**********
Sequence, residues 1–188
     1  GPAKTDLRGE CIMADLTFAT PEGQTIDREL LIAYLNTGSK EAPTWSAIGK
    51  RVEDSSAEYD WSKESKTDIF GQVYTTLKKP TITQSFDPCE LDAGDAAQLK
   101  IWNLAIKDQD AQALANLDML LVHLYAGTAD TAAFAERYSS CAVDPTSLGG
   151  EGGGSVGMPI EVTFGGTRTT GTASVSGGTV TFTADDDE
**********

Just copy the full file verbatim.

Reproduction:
Sequence, residues 1–188
     1  GPAKTDLRGE CIMADLTFAT PEGQTIDREL LIAYLNTGSK EAPTWSAIGK
    51  RVEDSSAEYD WSKESKTDIF GQVYTTLKKP TITQSFDPCE LDAGDAAQLK
   101  IWNLAIKDQD AQALANLDML LVHLYAGTAD TAAFAERYSS CAVDPTSLGG
   151  EGGGSVGMPI EVTFGGTRTT GTASVSGGTV TFTADDDE